“Celia,” the old man croaked as he emerged from behind the bar. He nodded briskly. “I see you’ve got something for me again.”
“You know I do.” Her words were bold and confident, but she didn’t feel any of it. Ed grimaced and shook his head, displeasure filling his features.
“Damn it, you know I can’t just be takin’ scraps from anyone walks in. This ain’t a juke joint. I got an account with Crosby’s, and they give me more than just buckets, and for less. You know I lose money if I take from you.”
“I know, Ed. You do what you gotta do. Just like I do.”
The old man eyed her, tilted his jaw. She didn’t blink. Finally he gave a reluctant nod.
“Jay,” he called. The young man from before reappeared. “I’ll give you the normal rate for two bushels of number threes. Jay, take the buckets. Haul ‘em back to Shem and tell him to put ‘em on ice.”
Cee said nothing as Ed disappeared. She would have thanked him, but knew it would only have made him more surly. They were better than number threes, anyway. Some of them, at least. She peered sidelong at the young man who crouched to pick up the buckets. The man started to walk away, but halted a moment. Turned and looked her sheepishly in the eye.
“I’m sorry,” Jay said. “I don’t mean to pry. Did Ed call you Celia?”
“Cee’s my name,” she said warily.
He looked her over again. It seemed as if he were sizing her up, or trying to decide something. “What?” she drew back.
“Nothing. I’m sorry. It’s just…I think I might know your brother. Mosquito?”
Cee frowned deeply, looked askance at him.
“It’s nothing sketchy,” Jay rushed to say. “He came to bring me out to Coffin Road last night. He came because of — because of Rumor.”
That was different. She’d suspected the worst at the mention of her brother, but that was different. There was no telling what Mosquito might be up to these days. She didn’t see him unless he wanted to be seen; and that was usually when he showed up at her home for a meal and a night or two on the couch. But that girl, she was the one thing he was mixed up in that was something good.
He could see her features soften, and he pressed on, encouraged. “I’m trying to find him. To ask him what he knows about her. I’m kind of worried…she was in a real bad way, and I’d…like to know more. Unless you could tell me?”
Cee smiled sympathetically. “I’m sorry, hon. Yeah, I know Rumor. And she knows me pretty well. She about the only ear I have to talk to these days. But she never talks about herself much. You want Mosquito for that.”
“And where I can I find him?”
She hated having to wipe that look of hope from his face. “I can’t tell you where he is, ’cause I don’t know. Probably no one knows that but hisself.”
Jay took the buckets to the kitchen and came back out with the money Ed had given him. He held it out for her and she took it, flinching when their hands almost touched. She folded the bills and held her clenched hand to her breast. “Sorry,” she breathed, then turned and left.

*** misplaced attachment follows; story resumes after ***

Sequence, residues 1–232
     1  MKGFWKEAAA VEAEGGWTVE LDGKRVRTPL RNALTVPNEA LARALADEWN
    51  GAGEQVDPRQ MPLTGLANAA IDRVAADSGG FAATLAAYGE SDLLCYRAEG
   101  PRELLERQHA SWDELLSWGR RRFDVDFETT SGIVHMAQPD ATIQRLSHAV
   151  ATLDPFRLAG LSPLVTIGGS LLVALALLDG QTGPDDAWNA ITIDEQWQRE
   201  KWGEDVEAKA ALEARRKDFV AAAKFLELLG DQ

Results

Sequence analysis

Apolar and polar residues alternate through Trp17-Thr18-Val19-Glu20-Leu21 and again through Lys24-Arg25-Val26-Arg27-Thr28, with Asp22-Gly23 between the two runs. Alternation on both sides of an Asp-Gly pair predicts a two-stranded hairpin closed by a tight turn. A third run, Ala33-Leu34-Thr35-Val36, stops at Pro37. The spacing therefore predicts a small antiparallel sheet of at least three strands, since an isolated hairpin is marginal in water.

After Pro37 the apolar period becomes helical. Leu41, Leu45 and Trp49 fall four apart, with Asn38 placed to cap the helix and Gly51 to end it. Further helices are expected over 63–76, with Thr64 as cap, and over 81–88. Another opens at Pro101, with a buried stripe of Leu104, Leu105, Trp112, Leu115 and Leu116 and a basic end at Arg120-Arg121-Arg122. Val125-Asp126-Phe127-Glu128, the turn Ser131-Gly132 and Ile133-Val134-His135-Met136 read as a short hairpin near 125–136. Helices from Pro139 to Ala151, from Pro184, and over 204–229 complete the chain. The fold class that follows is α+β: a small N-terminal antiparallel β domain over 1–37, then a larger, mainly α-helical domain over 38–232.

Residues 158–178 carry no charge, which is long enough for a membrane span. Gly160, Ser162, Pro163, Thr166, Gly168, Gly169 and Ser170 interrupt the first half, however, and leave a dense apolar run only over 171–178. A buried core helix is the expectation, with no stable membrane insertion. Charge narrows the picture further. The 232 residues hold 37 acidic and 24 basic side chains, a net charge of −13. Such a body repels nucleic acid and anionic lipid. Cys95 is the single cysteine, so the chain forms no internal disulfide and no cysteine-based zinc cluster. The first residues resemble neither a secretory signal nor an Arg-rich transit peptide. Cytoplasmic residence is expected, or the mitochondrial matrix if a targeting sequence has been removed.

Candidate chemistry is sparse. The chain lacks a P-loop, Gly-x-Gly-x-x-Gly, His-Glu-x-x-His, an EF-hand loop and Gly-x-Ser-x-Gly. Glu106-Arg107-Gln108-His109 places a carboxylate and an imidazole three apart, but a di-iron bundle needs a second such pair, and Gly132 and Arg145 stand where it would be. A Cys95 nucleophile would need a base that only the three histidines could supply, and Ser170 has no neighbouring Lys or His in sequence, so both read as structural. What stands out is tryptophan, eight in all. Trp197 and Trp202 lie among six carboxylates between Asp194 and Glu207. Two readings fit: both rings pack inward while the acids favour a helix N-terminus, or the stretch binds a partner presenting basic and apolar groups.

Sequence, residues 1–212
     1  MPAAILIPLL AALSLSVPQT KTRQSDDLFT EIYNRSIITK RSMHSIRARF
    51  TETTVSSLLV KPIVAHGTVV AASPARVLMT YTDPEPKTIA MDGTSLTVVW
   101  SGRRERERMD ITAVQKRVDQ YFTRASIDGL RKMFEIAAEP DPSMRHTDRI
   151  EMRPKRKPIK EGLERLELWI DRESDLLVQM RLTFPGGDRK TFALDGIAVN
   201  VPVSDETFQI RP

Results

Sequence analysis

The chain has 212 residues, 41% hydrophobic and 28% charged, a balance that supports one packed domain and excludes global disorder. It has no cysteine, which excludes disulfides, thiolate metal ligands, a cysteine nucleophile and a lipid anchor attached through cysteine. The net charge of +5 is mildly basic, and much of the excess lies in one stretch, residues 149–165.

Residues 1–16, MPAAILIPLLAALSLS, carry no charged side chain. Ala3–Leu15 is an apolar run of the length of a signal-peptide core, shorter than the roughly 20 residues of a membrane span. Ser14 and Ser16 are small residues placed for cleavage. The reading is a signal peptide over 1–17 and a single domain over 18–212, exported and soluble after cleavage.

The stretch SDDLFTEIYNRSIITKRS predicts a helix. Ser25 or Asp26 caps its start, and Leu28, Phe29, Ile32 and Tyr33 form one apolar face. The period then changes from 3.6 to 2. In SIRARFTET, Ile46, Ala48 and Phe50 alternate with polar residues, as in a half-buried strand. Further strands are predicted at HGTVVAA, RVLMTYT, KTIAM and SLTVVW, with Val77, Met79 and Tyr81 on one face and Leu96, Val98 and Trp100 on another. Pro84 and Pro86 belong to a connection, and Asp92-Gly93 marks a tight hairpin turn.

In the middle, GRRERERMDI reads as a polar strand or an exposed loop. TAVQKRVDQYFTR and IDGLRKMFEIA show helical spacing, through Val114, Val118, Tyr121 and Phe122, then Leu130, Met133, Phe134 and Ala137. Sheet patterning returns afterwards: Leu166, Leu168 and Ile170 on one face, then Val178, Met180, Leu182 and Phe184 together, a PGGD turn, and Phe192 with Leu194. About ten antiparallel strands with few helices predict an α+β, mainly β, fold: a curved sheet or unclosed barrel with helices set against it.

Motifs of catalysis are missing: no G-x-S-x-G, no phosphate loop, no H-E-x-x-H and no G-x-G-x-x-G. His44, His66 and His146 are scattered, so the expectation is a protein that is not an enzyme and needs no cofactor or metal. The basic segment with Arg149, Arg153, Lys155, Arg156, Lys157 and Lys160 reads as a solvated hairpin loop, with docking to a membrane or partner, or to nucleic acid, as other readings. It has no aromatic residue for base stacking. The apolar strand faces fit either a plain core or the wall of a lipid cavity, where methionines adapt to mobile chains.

She climbed in the Accord. Sat there for a moment and winced, looking down at her palm as her fingers folded and unfolded. The line of her mouth slackened a bit. She tried to breathe.
What did the young man know about Rumor? Surely no more than she did. She wondered what he wanted with her, and felt herself grow defensive on the girl’s behalf. But if Mosquito had really come for him, had fetched him out to the girl when she needed him… Well, he couldn’t be all that bad, right? She didn’t trust her older brother for much, but she trusted him with the girl.
Cee started the car and drove off east down Sixty-one, eyes lighting on the worn-down weeds at the side of the road. Thought of the summer, when they were so tall and thick and luxuriant. She took her slow time, cars passing her when no traffic could be seen coming the other way. People had so little time for anything, but time was what you made of it.
To an extent. Of course, time couldn’t always be what you made of it. She knew that as much as anyone. There were moments when time pressed in on her, not letting her breathe, demanding something she wasn’t sure she’d be able to give.
* * *
Cee had come back to the Lowcountry after living in Pittsburgh for five years. She had come because her mother had cancer, even though she swore she’d never return to the South again. The house seemed as if it had lost a limb when her mother died. Then even more when her father followed his wife of fifty years soon after.
It was a sorry place to live. Sad and old, a shack compared to the new developments sprouting up around it. They hadn’t been here when Cee had left, but she wasn’t surprised. The land her family had once owned had been sold off, bit by bit, and now rich people lived where she once had played.
Cee had once hated this place. This house on Sea Cloud Way, so near the plantation her people once worked. Their blood, sweat, and tears were literally in its soil, along with that of sharecroppers and overseers. Her eyes then had only seen the cruelty of the past.
But once in Pennsylvania, she’d begun to miss home. She’d tried to shake it off, but it had clung still. A cobweb caught in her hair. When she finally came back, before her parents died, it had felt a bit like her lungs opening after years of holding her breath.
Sure, it was harder on the sea islands than here, with the land values being jacked up — but they were jacked up anywhere you go now. She felt the marsh and the river wander through her mind. Thought of the willow and its beauty in the midst of decay.
She was home now, at last. Her resentment of the place hadn’t died, but it was worn away, by time and water, and by the soul of the place itself; worn down to a dull ache in her heart. The grain of sand in a pearl.
She was home again. And home in this world meant taking the bad with the good, being reconciled to it.